The American Institute of CPAs has written to Congress urging lawmakers to repeal the controversial new 1099 information reporting requirements in the health care reform bill.

The provisions require businesses to report to the Internal Revenue Service on a Form 1099-MISC when they purchase more than $600 worth of goods and services from a particular vendor in a calendar year. However, the provision has been widely decried by businesses, and a number of bills have been introduced in Congress to repeal the provision by lawmakers in both parties, including most recently Senate Finance Committee Chairman Max Baucus, D-Mont. (see Baucus Bill Would Repeal New 1099 Requirements).

In letters to both the Senate and the House, Patricia A. Thompson, chair of the AICPA’s Tax Executive Committee, wrote, “Businesses do not need the added cost of more regulatory requirements at a time when their efforts must be focused on profitability and sustainability.”

Under the Patient Protection and Affordable Care Act, the first 1099 forms would be due in 2013, so businesses would need to begin keeping records in 2012, the AICPA noted. Under another recently passed law, the Small Business Jobs Act of 2010, similar reporting requirements would apply to owners of rental property for expenses related to the rental property and would take effect in 2011 for reporting in 2012.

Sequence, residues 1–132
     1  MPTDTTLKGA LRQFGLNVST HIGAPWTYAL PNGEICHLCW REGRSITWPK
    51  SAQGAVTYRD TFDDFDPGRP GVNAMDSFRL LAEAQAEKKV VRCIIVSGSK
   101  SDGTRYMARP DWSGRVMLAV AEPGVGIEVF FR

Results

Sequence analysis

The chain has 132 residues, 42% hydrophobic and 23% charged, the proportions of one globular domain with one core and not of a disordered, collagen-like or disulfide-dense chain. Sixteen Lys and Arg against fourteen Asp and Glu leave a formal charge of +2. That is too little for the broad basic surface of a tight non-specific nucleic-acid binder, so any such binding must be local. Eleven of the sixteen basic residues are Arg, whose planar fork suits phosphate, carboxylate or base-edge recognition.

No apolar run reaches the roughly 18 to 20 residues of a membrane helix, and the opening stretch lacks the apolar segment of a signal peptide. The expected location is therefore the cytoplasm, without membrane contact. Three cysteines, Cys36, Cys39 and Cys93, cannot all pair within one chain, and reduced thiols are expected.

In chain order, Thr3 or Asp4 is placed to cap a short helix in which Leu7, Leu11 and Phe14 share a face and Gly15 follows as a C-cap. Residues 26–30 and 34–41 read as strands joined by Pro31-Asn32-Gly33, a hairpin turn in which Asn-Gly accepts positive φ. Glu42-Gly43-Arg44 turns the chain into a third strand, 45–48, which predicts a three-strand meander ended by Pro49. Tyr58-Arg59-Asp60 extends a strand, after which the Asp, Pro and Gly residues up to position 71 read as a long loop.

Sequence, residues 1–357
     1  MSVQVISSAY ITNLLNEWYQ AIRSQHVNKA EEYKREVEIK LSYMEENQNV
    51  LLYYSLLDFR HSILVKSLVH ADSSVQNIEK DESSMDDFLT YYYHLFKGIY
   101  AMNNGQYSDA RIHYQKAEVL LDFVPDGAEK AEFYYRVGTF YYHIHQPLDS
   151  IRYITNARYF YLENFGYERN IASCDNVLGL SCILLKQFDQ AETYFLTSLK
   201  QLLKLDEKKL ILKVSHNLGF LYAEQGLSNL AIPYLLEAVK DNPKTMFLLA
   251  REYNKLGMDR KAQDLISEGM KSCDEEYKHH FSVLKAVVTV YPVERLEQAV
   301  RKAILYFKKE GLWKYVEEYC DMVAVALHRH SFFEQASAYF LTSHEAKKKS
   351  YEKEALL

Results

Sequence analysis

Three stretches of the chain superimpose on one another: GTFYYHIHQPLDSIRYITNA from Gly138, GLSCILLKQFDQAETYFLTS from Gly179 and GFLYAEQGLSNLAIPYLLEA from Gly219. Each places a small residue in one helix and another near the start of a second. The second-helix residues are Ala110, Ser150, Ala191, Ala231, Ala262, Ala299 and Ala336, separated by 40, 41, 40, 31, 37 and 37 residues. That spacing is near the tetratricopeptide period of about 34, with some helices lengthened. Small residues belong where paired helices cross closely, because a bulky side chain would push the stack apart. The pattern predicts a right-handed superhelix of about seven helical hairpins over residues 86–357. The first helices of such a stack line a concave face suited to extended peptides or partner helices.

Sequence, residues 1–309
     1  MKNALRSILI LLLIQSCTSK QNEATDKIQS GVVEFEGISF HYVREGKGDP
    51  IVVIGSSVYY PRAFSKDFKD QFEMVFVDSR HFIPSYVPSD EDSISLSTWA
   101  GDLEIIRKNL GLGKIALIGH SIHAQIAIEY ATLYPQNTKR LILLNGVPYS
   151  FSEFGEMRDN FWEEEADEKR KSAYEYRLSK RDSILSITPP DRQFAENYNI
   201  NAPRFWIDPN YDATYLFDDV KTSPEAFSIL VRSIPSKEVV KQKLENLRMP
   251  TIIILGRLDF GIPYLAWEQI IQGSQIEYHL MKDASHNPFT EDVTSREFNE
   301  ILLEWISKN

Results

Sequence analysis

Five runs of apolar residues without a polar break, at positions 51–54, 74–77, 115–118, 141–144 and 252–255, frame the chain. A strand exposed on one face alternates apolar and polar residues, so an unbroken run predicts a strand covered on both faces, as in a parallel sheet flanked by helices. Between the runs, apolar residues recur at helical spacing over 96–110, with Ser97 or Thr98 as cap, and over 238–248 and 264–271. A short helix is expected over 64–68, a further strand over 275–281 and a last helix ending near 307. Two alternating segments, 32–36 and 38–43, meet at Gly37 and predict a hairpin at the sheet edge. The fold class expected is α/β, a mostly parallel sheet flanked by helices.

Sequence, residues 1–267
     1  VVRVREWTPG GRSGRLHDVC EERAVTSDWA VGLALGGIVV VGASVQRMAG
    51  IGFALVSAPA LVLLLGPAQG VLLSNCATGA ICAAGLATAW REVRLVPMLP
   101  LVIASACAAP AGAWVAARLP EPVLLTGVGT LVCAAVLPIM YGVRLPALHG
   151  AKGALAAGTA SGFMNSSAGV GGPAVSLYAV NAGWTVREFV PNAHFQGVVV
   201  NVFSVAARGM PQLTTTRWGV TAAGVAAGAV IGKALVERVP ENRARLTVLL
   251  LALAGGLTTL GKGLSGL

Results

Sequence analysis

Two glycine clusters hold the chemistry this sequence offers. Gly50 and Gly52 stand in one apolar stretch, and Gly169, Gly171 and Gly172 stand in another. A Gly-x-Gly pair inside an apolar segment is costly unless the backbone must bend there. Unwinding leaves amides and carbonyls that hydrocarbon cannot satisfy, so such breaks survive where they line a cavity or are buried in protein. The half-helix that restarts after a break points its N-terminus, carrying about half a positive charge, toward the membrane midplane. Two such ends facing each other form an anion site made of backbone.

The AICPA said this would be the first time individual taxpayers who own rental property who are not “engaged in a trade of business” would have to provide Forms 1099-MISC. For example, owners of vacation properties that are rented part of the year to help reduce costs would be covered by the new law. “We are concerned that (1) keeping records to track expenses by provider, (2) obtaining tax identification numbers and other information from providers of property and services and (3) providing Forms 1099-MISC during January, a month when taxpayers would not normally be focused on tax issues, would be extremely burdensome,” wrote Thompson.

Additionally, the AICPA said it questions the need for sending information forms to certain providers of services, such as utility companies.

The business implementation costs associated with the likely generation and receipt of millions of forms and the potentially challenging reconciliation processes for taxpayers should be weighed against the uncertainty of the benefit to be derived by the government, the AICPA said.

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